Developmental plasticity looks like a promising bridge between ecological and developmental perspectives on evolution. Yet, there is no consensus on whether plasticity is part of the explanation for adaptive evolution or an optional "add-on" to genes and natural selection. Here, we suggest that these differences in opinion are caused by differences in the simplifying assumptions, and particular idealizations, that enable evolutionary explanation. We outline why idealizations designed to explain evolution through natural selection prevent an understanding of the role of development, and vice versa. We show that representing plasticity as a reaction norm conforms with the idealizations of selective explanations, which can give the false impression that plasticity has no explanatory power for adaptive evolution. Finally, we use examples to illustrate why evolutionary explanations that include developmental plasticity may in fact be more satisfactory than explanations that solely refer to genes and natural selection.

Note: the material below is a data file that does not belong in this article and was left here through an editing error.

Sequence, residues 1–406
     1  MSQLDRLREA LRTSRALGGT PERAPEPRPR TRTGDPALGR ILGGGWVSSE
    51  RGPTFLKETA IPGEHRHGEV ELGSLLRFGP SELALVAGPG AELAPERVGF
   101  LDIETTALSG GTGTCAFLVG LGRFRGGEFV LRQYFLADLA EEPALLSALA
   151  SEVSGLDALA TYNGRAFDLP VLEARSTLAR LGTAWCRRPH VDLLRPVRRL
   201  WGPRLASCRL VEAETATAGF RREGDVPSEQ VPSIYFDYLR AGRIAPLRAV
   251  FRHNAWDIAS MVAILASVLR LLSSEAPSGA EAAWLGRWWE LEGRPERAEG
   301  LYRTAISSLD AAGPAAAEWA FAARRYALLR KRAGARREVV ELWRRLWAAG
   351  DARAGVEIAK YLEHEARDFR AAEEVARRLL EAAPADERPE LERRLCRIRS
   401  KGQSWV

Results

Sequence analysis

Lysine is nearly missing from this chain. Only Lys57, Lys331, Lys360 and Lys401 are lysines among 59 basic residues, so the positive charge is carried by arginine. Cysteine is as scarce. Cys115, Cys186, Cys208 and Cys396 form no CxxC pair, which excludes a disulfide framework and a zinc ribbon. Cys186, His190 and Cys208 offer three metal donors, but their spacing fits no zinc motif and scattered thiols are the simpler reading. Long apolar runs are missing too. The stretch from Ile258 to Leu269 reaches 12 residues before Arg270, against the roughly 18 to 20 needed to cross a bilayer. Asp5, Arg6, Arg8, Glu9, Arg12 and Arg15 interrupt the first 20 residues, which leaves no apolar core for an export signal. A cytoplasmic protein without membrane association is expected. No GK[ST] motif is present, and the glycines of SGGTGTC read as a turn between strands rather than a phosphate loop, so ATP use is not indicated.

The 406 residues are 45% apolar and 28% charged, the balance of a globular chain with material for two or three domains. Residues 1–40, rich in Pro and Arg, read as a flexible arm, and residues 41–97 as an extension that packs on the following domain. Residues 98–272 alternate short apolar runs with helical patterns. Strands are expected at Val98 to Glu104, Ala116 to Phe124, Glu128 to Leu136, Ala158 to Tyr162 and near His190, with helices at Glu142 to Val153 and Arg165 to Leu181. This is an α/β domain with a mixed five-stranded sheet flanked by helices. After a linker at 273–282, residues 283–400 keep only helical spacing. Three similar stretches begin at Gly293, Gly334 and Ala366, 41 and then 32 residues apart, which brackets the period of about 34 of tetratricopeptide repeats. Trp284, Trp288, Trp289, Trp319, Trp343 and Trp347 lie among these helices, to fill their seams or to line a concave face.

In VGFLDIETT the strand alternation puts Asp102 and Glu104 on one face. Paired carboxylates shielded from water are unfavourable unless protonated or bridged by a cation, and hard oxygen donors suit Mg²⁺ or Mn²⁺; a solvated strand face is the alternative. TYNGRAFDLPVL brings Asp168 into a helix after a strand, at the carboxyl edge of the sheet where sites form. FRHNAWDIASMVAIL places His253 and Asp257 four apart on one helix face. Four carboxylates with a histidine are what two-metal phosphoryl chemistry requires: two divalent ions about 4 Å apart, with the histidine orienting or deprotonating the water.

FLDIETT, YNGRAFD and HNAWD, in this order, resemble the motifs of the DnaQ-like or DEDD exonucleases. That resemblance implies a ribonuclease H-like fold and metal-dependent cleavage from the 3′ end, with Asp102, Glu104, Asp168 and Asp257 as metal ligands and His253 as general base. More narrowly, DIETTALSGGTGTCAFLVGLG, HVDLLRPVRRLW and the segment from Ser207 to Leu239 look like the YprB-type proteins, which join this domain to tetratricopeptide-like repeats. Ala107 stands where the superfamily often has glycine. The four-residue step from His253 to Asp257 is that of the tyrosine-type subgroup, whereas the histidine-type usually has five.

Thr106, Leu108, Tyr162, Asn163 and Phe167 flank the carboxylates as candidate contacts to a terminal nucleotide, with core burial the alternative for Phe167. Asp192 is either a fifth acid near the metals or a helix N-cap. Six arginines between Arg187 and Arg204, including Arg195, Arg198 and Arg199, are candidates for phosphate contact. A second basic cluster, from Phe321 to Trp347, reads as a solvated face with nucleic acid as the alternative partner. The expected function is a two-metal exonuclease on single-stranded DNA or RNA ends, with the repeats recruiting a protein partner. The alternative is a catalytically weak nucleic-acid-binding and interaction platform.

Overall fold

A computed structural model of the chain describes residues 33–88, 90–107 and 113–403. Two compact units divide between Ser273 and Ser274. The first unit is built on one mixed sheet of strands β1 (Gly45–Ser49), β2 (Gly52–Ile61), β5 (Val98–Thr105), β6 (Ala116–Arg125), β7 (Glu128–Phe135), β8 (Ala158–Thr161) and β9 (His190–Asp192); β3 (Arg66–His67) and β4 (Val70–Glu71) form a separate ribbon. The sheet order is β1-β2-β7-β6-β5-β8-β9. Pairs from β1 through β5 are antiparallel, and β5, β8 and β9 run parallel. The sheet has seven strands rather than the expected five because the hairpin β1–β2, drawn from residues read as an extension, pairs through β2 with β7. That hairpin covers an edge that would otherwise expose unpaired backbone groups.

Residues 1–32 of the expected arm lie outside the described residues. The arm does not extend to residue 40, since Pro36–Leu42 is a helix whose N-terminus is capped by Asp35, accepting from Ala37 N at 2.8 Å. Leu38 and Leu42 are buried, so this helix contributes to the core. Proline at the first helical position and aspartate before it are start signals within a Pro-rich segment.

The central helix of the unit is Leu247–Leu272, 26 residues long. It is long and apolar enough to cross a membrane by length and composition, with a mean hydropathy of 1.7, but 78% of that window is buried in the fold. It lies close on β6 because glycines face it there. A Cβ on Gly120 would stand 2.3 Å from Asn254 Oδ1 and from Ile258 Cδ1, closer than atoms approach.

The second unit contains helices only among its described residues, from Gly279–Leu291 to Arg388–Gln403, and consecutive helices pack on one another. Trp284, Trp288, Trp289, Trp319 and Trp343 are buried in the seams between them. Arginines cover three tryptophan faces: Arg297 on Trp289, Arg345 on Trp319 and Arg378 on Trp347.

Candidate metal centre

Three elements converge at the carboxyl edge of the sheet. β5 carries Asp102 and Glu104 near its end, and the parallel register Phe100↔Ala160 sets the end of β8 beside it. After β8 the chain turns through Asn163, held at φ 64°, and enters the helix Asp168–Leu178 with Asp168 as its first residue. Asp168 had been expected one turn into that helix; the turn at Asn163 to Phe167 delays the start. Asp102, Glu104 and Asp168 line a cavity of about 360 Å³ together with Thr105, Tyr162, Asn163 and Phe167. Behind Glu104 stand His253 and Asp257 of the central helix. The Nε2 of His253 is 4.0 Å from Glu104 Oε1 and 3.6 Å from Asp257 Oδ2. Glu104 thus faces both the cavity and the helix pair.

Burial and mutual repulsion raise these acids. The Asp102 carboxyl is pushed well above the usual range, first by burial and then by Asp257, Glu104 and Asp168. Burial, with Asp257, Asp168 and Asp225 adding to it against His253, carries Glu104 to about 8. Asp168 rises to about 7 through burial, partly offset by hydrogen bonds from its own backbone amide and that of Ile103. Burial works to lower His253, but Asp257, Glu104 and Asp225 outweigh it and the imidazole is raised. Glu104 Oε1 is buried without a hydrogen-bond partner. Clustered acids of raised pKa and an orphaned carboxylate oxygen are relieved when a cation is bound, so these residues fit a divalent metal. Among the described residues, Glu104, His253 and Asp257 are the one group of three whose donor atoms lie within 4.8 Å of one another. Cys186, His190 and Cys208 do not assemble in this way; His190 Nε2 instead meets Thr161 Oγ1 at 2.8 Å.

|Number of pages||9|
|Journal||Evolution & Development|
|Early online date||2019 Sep 19|
|Publication status||Published - 2020 Jan|
Subject classification (UKÄ)
- Evolutionary Biology